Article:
Ethics in Addiction Treatment

Ethics in Addiction Treatment

Ethics in Addiction Treatment are More Important Than Ever

Every year, more than 44,000 people die due to drug overdoses across the United States. In light of the ongoing–and worsening–opioid crisis, the need for effective addiction treatment has never been more urgent. While changes in healthcare laws appear to have made access to treatment easier, the resulting explosion in growth in the number of treatment facilities has actually made it more difficult than ever to find reliable, ethical treatment.

Patient Brokering 

Kenneth Chatman, a sober living home operator in South Florida, was recently sentenced to 27 years in prison after being convicted of a variety of charges, including human trafficking, healthcare fraud and money laundering. Chatman epitomizes the problem that is gripping the rehab industry: Operators that are in it strictly for the money and that even willingly exploit people in recovery to turn bigger profits.

There have been other cases of brokering with more than 200 such facilities being shut down as a result of recent investigations. Some sober living facilities quickly figured out how to exploit the healthcare system by allowing people to keep living in their houses while actively abusing drugs; as long as they were able to keep billing their insurance, they condoned it.

Largely thanks to these scandals, sweeping new laws were passed that impose stricter and tighter regulations and penalties on sober living homes. 

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Increased Healthcare Coverage to Assist In Ethical Treatment

The passage of the Affordable Care Act promised big changes in the addiction treatment industry. The new legislation made significantly more insurance money available for addiction treatment. Many healthcare plans now include coverage for addiction treatment, which is undoubtedly a step in the right direction. 

Around the same time, the U.S. House of Representatives passed legislation that increased coverage for addiction treatment under Medicaid and expanded the use of medications like methadone in addiction treatment.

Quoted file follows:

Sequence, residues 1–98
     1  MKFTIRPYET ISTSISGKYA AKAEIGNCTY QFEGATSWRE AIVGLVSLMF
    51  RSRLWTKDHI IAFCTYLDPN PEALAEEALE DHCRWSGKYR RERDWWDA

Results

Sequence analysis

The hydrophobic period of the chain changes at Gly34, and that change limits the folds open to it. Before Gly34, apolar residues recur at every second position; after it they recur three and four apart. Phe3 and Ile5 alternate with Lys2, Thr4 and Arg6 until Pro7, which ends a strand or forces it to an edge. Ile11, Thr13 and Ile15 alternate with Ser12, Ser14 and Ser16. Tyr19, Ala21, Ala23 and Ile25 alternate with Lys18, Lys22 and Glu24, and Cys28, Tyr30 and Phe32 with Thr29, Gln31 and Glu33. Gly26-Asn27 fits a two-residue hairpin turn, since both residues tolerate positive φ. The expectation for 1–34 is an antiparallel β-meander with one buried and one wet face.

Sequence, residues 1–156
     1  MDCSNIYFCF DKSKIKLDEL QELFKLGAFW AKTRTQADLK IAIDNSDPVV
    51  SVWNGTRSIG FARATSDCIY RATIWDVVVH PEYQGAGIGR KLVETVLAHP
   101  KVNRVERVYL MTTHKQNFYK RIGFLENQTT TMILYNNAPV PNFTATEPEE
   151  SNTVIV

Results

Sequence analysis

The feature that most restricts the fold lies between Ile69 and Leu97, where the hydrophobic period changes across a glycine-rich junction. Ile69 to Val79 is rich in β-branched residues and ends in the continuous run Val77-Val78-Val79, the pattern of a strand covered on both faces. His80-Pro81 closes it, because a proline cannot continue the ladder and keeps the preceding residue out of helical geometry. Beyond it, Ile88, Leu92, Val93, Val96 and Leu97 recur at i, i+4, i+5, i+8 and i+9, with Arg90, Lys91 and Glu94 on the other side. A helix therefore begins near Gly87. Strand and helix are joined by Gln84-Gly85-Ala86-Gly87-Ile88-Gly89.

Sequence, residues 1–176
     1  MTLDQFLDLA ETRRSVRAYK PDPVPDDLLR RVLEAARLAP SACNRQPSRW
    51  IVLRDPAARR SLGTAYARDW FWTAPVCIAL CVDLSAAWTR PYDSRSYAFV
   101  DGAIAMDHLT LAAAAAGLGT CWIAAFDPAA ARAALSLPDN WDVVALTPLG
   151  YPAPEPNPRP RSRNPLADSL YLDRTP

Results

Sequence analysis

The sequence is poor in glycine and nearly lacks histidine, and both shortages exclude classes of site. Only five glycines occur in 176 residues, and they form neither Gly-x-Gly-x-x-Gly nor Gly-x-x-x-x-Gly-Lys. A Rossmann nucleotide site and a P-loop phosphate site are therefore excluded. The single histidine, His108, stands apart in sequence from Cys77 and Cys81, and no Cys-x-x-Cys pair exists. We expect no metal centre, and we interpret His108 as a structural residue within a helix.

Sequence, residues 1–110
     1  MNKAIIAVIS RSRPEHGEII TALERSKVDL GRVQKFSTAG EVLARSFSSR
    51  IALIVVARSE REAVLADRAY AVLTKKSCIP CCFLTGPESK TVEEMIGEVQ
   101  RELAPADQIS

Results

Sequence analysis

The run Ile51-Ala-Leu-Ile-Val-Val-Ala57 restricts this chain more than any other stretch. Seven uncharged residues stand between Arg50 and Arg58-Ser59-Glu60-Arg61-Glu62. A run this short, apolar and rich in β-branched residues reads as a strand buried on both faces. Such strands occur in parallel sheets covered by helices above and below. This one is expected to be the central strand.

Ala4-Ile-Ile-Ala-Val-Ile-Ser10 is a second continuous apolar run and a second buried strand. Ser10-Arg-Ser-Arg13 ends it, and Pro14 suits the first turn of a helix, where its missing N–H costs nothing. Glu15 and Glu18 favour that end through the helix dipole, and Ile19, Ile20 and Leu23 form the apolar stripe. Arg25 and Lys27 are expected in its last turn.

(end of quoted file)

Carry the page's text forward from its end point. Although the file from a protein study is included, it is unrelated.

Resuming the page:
Unethical Treatment Centers

For people who are seeking addiction treatment and their families, news of corruption and illegal activities within the rehab industry is frightening and disheartening. It is important to note that the vast majority of addiction treatment facilities have patients’ best interests at heart. However, due to the ongoing limited oversight of the industry in most states, enough bad actors are able to set up shop that the entire industry has been marred. The most concerning thing is that people who desperately need treatment may not seek it because they’re afraid of being taken advantage of.

A few of the ways in which unethical treatment centers break the rules include:

Illegal marketing practices 

Google recently cracked down on addiction treatment centers’ ability to advertise on its platform. It was revealed that such ads were being used to funnel patients to the highest bidder rather than to treatment facilities that would most capably address their needs. This is the most famous example of the underhanded marketing techniques that are used to prey on desperate people.

Patient brokering

It has been shown that many addiction treatment centers pay referral fees–which are more rightfully called kickbacks–to entities that drive “business” their way. This phenomenon reduces people who are seeking addiction treatment to little more than pawns that are manipulated to generate as much profit for sketchy, unethical treatment centers as possible. Unsuspecting people who sincerely need treatment don’t usually realize what is happening, and they often end up slipping through the cracks.

Insurance fraud

Some sober living facilities and treatment centers have found it incredibly easy to bill insurance plans for their services. At first glance, this may seem like a good thing. However, it also makes it far too easy for a facility to bill for services that it isn’t providing with any real sincerity. These facilities are able to bill patients’ insurance plans even while they actively abused drugs in his sober living homes.

Finding an Ethical Treatment Center

If you are seeking addiction treatment, the above news is sure to be cause for concern. In today’s evolving regulatory landscape, how can you reliably find a facility that puts ethics in addiction treatment first? First and foremost, stick with facilities that have accreditation from reputable organizations. Look for an accreditation from The Joint Commission or CARF, The Commission on the Accreditation of Rehabilitation Facilities, to ensure that you are dealing with an above-board, ethical facility.

To learn more about our ethical addiction treatment programs and accreditation standards, call us today.